We were blessed to have our friends Ray and Rhoda Wenger come and visit this past weekend, with Ray teaching four lessons for our house church. The first of a two-part series asks us to consider individuals in Scripture who were able to embrace God’s higher thoughts during times of adversity and perplexity. In so doing, they were taken to a new level of faith and used by God in miraculous ways. May we be inspired to do the same!
For more about Ray and Rhoda and to hear more teaching from Ray, visit www.wengerministries.org.
One of the great treasures of the Old Testament is how it helps us understand the true nature and character of God. There are many things that distort our understanding of God's nature: the character of our own human fathers, our tendency to make God into something He is not, and Satan's consistent attack, trying to deceive us to believe God is different than He truly is. Ezekiel 18 provides a beautiful picture of God, communicating His great mercy and kindness offered to all mankind. May this help us grasp God's nature in a deeper way, and transform how we view and treat others.
In John 2 we read two stories: Jesus performing his first miracle at a wedding in Cana and Jesus clearing out the temple. Jesus would go on to perform many miracles; why did He begin with turning water into wine? We also look at whether Christians should drink alcohol, and how we should relate to disciples who have different convictions on this. In the second story, we are challenged to imitate the zeal Jesus had for his Father's house, as well as the zeal of other heroes of faith in the Scriptures. Finally, we see Jesus proclaiming to skeptics that there would be one sign of His authority: His resurrection from the dead on the third day, the foundation of the Christian faith.
John the Baptist identifies Jesus as "the Lamb of God". Why a lamb, and not some other animal? Does this simply mean that Jesus was meek and harmless, or is there more to it? How would John's hearers have understood this expression? In this lesson we look at what this would have meant to John’s hearers, and the profound implications for all those who want to follow Jesus today.
The opening lines of the gospel of John are some of the deepest, most profound lines ever written. They introduce us to the divinity of the Son of God, His involvement in Creation, and His relation to the Father. In this lesson we begin our journey through this gospel, the favorite of many, and touch on its importance in our spiritual foundation.
Does God treat everyone the same, or does He play favorites? James A. Harding, an inspiring Christian teacher and preacher, tackled this question in the early 1900's and provided a startling and unforgettable answer. That answer takes us to Scripture that teaches us much about the character of God, as well as what can be expected by those devoted to and treasured by Him.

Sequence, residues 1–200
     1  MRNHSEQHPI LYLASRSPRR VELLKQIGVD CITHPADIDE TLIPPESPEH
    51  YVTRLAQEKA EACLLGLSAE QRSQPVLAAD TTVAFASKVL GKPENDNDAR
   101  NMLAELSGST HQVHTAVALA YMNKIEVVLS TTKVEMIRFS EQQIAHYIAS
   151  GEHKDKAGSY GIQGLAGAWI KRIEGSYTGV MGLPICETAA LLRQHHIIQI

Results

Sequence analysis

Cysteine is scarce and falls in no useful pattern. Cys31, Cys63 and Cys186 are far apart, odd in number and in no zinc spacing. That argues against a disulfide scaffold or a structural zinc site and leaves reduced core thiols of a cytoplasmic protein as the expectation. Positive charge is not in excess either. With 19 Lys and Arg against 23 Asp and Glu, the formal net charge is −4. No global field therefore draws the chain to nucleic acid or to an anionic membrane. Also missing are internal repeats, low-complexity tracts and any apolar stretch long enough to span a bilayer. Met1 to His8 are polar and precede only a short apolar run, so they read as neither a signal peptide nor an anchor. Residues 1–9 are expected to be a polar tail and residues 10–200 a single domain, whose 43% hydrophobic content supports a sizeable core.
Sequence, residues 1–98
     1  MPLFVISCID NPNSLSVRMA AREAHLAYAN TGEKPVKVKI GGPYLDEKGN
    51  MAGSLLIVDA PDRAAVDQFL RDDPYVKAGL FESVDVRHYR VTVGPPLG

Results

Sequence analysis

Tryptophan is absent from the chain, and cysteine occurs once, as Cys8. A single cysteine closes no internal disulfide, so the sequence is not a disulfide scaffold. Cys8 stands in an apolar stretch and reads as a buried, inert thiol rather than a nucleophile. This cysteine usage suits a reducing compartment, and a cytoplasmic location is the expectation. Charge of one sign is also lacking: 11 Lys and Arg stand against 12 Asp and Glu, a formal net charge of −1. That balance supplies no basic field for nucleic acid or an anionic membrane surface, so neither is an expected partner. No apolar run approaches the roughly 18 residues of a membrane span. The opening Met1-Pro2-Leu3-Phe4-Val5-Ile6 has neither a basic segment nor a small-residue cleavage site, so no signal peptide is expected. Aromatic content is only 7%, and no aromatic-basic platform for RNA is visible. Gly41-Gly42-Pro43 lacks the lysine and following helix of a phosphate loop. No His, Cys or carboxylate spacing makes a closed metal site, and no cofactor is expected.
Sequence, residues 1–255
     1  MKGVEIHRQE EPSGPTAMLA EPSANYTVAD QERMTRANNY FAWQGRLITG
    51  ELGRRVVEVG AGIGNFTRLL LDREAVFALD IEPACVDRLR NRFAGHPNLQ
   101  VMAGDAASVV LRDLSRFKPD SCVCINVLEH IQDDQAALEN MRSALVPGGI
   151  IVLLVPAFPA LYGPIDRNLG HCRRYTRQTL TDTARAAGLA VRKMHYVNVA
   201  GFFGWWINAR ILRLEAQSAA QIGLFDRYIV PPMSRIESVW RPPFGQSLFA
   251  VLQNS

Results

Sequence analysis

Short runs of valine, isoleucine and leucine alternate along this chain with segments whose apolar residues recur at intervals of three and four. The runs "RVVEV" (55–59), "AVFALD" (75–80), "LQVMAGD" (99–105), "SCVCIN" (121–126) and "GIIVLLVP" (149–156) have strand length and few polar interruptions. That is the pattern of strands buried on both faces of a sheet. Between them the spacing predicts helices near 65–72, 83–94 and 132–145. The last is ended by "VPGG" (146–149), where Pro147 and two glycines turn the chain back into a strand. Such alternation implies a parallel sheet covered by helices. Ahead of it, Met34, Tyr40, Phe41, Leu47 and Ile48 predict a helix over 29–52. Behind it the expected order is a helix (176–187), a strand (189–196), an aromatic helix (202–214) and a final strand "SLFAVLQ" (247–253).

(To learn more about Harding's inspiring life and convictions, see James A. Harding, Evangelist and Teacher by John Mark Hicks)
Many wrestle with the goodness of God. If God is good, why does He allow evil things to happen? This might lead one to conclude that God is not all powerful, otherwise he certainly would stop evil from happening. In fact, it often seems good people experience much bad, while people who engage in evil seem blessed. This lesson explores the nature of God, what the Scriptures teach about His goodness, and how He works to bring about both justice and mercy in His timing.
In this story, the Syrian army surrounds the city to take Elisha. There with his servant, Elisha works a tremendous miracle with an unexpected twist. This lesson looks at the theme of spiritual blindness and the love God has for his enemies.
(For further study, see Those Who Are With Us from 2 Kings 6)
As the story of Elisha continues, we see the prophet work two miracles of provision for a group in need. We are then introduced to Naaman, a famous commander of the Syrian army, who also happens to be a leper. There are many gems to mine from these stories as we see God's power and compassion, God's desire and ability to provide for his servants in need, the faith of the prophet, and the shortcomings and humility of Naaman.
This opening devotional for our retreat was a call to open our eyes to the spiritual battle we are in, and to recognize that God's supernatural power is far greater than the power and authorities that oppose God. May we have the faith of Elisha and the righteousness described in Scripture, to see God's Kingdom advance in our lifetimes.